I am not a woman of letters, at least not in the formal sense of that phrase, but I am a woman who writes letters, and this past February I signed in with InCoWriMo (International Correspondence Writing Month) to have my own experience of what my husband found so enjoyable the year before.
I am a part of that generation where letter writing was the only means of distance correspondence. Yes, there were phones. I’m not that ancient. But if you had a father that limited the household to 5 minute long distance phone calls, you were and remained basically a letter writer. In truth, the most exciting time of my day at university was mail call, when you went to your mail box to see if anyone had written to you. And nothing felt so treasured at the letter or letters you carried to your dorm to read in delicious solitude.
In fact, Bert and I started our relationship via letter, preceded by
In InCoWriMo, I am meeting many interesting people from all over the world. A soul-sister in Massachusetts, a young Israeli lad living on a Moshav, a Rabbi scholar from my birth city, Philadelphia, PA, and a Welshman with a great sense of humor, to mention a few. Yes there are days Bert and I both grimace when the mailman comes. Our stack of unanswered letters waxes and wanes, but when it gets depth to it, we each hope for a day without mail.
Nothing in this digital world, for me, can take the place of letter writing which came back graphically when one woman I write to, a gal of extensive writing talent which generates captivating letters, sprained her thumb and had to type her letters for a while. There was no interesting handwriting, no doodles while thinking, no lovely colors or the artistry of various fountain pen nibs, no afterthoughts running vertically in the margins, no sense of the moment that writer was in, their struggles, their passion, their frustrations. Just black type on white paper. Even if she had chosen to use colored, fancy fonts, it still wouldn't be her spilling out on the page, lining out words that got ahead of her thinking, caret-ing in words that got lost in a flurry of thoughts, adding art to the page in caricatures or pen and ink drawings. Nor is there any way to explain the sense of connection hand written letters engender that typing cannot even touch.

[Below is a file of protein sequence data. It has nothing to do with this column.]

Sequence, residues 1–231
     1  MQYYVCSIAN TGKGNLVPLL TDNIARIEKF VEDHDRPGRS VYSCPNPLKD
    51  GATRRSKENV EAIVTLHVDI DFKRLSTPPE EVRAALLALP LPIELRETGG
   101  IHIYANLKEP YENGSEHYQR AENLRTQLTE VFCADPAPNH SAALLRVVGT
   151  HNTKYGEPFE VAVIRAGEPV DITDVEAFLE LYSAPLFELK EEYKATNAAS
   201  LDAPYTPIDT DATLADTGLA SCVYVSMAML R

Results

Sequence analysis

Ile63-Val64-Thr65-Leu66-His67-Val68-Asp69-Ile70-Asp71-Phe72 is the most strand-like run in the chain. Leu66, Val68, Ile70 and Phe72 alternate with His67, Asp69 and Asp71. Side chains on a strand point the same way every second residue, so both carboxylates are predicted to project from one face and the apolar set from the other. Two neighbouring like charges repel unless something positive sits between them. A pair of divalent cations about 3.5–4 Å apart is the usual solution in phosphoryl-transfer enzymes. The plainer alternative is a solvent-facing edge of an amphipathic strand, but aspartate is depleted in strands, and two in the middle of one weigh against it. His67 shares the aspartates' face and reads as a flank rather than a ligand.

Recently, I found this marvelous book which I bought as a gift for Bert. In all honesty, the gift did have the flavor of buying your father a wagon for his birthday, but… The book is entitled Letters of Note compiled by Shaun Usher. Shared letters such as the ones found in it are like treasured secrets whispered in your ear. Elvis Presley to U.S. President Richard Nixon; Louise Armstrong to Lance Corporal Villec; Ray Bradbury to Brian Sibley; The Connell Family to the Ciulla Family; Kurt Vonnegut to Charles McCarthy. Three hundred and forty of them in all. Here are bits of three of them that gave me pause.
Francis Crick to Michael Crick, his twelve-year-old son at boarding school – March 19, 1953
The letter relates his jubilant news of his co-discovery of the “beautiful” structure of DNA, the most important scientific discovery of modern times accompanied by drawings he made to help his son visualize it. He ends this letter with:
Read this carefully so that you understand it. When you come home, we will show you the model.
Lots of love,
Flannery O’Connor to a Professor of English who wrote and asked her to explain her short story A Good Man is Hard to Find, for which his class was struggling to find an acceptable interpretation – March 28, 1961
O’Connor’s last two paragraphs conclude in this manner:
The meaning of a story should go on expanding for the reader the more he thinks about it, but meaning cannot be captured in an interpretation. If teachers are in the habit of approaching a story as if it were a research problem for which any answer is believable so long as it is not obvious, then I think students will never learn to enjoy fiction. Too much interpretation is certainly worse than too little, and where feeling for a story is absent, theory will not supply it.
My tone is not meant to be obnoxious. I am in a state of shock.
Richard Feynman, world class physicist and Nobel Prize winner to his wife who is dead – October 17, 1946
The last paragraph and the P.S.:
…I’ll bet you are surprised that I don’t even have a girlfriend (except you, sweetheart) after two years. But you can’t help it, darling, nor can I—I don’t understand it, for I have met many girls and very nice ones and I don’t want to remain alone—but in two or three meetings they all seem ashes. You only are left to me. You are real.
My darling wife, I adore you.
I love my wife. My wife is dead.
P.S. Please excuse my not mailing this—but I don’t know your new address.
Have someone out there you love, you miss, you've left along the way and regret it? Go clean out that dried up old fountain pen, get some paper that can handle ink, and do yourself a great and loving favor. Write a letter.